Elizabeth

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English[edit]

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Etymology[edit]

From the Ancient Greek Ἐλισάβετ (Elisabet), a transliteration of the Old Testament Classical Hebrew אלישבע (Elisheva, my deity is an oath). See El

Pronunciation[edit]

Proper noun[edit]

Elizabeth

  1. A female given name, popular since the 16th century.
    • 1595 Edmund Spenser, Amoretti, LXXIV:
      Most happy letters! framed by skilful trade, / With which that happy name was first designed, - - - / Ye three Elizabeths! for ever live, / That three such graces did unto me give.
    • 1988 Barbara Vine ( =Ruth Rendell ), The House of Stairs, p.21:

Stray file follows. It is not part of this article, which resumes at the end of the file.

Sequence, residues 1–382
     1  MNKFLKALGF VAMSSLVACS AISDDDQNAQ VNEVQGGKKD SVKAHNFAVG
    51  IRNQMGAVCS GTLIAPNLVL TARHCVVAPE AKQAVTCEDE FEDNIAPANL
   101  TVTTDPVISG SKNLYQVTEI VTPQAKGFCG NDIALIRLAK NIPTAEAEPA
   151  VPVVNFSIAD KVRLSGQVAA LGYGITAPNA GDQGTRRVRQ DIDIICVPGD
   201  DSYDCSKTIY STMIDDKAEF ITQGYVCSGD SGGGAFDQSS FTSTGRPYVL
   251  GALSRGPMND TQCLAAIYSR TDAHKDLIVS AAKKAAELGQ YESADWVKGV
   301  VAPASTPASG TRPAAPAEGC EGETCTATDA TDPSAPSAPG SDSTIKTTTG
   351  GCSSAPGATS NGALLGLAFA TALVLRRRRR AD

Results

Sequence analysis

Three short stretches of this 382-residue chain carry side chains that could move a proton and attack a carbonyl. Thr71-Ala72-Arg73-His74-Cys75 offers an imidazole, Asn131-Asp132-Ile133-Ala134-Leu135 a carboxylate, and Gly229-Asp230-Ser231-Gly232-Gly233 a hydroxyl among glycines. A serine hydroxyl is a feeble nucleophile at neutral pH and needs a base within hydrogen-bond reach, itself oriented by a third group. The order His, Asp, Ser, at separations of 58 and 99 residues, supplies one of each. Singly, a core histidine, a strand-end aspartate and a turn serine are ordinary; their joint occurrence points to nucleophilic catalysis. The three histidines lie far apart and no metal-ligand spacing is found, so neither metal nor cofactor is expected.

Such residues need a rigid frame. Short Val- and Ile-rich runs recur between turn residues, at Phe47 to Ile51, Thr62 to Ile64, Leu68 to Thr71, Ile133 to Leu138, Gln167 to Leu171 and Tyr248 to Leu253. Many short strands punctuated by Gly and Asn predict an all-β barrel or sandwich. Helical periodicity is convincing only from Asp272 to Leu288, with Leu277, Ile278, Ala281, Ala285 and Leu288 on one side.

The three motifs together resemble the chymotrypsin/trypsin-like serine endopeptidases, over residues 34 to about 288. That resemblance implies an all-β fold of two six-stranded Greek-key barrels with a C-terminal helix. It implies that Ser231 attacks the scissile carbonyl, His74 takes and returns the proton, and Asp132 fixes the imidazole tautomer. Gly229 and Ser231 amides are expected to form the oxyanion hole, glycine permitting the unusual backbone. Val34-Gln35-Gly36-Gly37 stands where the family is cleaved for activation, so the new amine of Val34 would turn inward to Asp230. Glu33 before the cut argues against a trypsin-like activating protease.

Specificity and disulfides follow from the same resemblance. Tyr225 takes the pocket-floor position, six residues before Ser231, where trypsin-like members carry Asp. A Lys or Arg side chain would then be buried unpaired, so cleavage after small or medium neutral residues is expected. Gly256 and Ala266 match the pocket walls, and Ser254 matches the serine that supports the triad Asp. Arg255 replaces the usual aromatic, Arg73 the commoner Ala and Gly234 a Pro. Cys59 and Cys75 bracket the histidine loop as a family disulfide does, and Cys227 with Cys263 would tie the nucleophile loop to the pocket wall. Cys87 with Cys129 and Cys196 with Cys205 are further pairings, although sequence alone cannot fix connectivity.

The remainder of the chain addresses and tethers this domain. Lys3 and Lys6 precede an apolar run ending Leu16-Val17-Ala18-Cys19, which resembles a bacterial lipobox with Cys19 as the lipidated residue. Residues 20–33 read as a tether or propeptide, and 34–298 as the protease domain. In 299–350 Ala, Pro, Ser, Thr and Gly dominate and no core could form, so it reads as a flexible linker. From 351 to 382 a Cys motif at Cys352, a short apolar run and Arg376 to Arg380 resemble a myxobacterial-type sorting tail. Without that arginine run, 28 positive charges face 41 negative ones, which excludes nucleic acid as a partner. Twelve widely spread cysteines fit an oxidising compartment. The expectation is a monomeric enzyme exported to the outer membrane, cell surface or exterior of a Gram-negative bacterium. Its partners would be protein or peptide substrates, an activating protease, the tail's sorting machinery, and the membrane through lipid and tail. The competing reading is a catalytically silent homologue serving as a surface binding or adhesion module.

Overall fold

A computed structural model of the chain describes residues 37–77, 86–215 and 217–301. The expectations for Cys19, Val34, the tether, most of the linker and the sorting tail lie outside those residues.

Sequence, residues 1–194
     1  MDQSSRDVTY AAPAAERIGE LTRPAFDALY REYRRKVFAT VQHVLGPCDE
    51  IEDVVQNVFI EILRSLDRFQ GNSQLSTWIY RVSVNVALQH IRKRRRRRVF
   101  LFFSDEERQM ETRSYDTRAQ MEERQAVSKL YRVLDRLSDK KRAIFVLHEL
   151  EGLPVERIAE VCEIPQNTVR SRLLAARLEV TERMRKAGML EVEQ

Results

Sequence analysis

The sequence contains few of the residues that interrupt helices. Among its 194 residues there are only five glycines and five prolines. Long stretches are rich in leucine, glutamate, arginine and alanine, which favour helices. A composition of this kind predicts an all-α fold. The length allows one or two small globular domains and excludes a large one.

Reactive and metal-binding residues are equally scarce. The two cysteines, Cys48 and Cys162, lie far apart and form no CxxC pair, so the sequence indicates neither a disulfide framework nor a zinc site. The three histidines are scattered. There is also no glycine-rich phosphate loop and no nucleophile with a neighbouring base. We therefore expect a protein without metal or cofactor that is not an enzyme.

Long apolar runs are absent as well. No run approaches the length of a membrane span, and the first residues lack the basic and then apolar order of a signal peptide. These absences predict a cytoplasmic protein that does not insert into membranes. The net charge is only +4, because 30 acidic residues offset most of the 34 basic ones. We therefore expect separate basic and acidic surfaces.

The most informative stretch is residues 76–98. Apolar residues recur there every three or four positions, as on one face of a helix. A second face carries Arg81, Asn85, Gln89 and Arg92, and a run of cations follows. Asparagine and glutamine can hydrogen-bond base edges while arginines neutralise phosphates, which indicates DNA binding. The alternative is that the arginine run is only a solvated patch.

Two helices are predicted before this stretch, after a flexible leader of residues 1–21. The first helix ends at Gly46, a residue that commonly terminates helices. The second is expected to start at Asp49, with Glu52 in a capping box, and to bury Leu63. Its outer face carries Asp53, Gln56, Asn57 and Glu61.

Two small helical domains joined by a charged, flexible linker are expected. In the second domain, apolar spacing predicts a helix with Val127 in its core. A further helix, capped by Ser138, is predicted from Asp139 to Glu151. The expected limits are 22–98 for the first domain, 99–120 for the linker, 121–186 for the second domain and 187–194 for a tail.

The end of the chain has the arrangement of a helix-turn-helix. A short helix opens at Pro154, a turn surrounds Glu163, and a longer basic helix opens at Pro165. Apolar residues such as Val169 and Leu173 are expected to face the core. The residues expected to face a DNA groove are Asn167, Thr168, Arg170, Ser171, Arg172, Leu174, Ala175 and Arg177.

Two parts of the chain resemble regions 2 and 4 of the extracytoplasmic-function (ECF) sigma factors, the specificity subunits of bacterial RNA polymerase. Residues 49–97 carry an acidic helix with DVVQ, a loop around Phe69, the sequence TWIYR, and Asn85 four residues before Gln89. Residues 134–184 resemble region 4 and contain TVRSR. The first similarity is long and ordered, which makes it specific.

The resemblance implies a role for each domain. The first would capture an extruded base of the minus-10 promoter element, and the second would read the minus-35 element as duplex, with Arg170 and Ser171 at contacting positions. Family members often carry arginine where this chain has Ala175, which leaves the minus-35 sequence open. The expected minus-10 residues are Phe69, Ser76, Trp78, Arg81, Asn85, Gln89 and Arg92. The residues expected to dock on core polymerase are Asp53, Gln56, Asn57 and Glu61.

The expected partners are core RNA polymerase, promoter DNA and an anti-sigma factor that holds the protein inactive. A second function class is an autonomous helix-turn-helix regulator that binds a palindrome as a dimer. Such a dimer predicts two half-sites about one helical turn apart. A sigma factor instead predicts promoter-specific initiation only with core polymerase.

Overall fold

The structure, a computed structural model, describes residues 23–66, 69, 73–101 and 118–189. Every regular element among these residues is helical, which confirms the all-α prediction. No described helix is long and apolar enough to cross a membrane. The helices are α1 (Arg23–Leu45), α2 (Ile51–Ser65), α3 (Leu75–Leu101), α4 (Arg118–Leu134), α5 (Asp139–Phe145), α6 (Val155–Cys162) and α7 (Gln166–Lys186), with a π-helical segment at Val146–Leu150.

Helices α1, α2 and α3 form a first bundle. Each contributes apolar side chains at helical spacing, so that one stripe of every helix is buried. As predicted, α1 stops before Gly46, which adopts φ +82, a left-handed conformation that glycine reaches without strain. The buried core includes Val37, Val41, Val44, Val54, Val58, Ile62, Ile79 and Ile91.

"Because if you say it over and over to yourself, darling, it really is a quite strange-sounding name, isn't it? It's just as strange as any other from the Old Testament, Mehetabel or Hepsibah or Shulamith, and any of them might have got to be as fashionable as Elizabeth if a queen had been called by them.
    • 1993 Phillip Margolin, Gone But Not Forgotten, Bantam Books ISBN 0553569031 p.25:
      No one ever called Elizabeth Tannenbaum stunning, but most men found her attractive. Hardly anyone called her Elizabeth, either. An "Elizabeth" was regal, cool, an eyecatching beauty. A "Betsy" was pleasant to look at, a tiny bit overweight, capable, but still fun to be with.
  2. The mother of John the Baptist (written Elisabeth in later versions of the Bible).
    • 1380s Wycliffe version of the Bible: Luke 1:5:
      In the daies of Eroude, kyng of Judee, ther was a prest, Sakarie bi name, of the sorte of Abia, and his wijf was of the douytris of Aaron, and hir name was Elizabeth.
  3. Elisheba, the wife of Aaron.
    • 1380s Wycliffe version of the Bible: Exodus 6:23:
      Sotheli Aaron took a wijf, Elizabeth,the douytir of Amynadab, the sistr of Naason.

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